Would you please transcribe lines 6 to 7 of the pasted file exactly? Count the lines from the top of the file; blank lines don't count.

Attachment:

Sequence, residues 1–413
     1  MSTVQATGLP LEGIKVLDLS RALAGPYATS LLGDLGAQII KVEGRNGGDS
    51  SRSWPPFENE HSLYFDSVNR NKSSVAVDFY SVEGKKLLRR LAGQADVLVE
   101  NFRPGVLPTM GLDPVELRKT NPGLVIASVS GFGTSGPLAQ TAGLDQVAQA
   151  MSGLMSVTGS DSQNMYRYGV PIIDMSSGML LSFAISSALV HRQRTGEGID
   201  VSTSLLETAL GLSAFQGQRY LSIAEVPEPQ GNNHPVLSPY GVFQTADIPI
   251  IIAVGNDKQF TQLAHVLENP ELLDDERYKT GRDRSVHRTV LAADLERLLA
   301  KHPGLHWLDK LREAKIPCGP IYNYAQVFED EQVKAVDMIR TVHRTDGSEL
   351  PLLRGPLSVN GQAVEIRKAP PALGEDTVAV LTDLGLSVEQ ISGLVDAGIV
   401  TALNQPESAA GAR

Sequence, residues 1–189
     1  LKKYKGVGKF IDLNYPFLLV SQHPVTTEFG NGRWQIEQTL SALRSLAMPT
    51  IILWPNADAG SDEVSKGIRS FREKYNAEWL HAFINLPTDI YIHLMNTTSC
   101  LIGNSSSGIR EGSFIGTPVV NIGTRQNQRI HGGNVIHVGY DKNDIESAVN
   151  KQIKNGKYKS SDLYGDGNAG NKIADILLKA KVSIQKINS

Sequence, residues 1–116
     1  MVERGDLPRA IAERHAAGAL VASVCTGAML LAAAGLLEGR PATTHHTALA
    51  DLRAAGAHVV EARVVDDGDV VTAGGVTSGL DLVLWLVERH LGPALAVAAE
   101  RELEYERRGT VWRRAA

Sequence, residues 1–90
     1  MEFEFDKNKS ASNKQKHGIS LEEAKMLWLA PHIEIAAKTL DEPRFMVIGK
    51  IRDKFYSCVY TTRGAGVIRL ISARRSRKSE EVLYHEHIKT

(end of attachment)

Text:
   201  VSTSLLETAL GLSAFQGQRY LSIAEVPEPQ GNNHPVLSPY GVFQTADIPI
   251  IIAVGNDKQF TQLAHVLENP ELLDDERYKT GRDRSVHRTV LAADLERLLA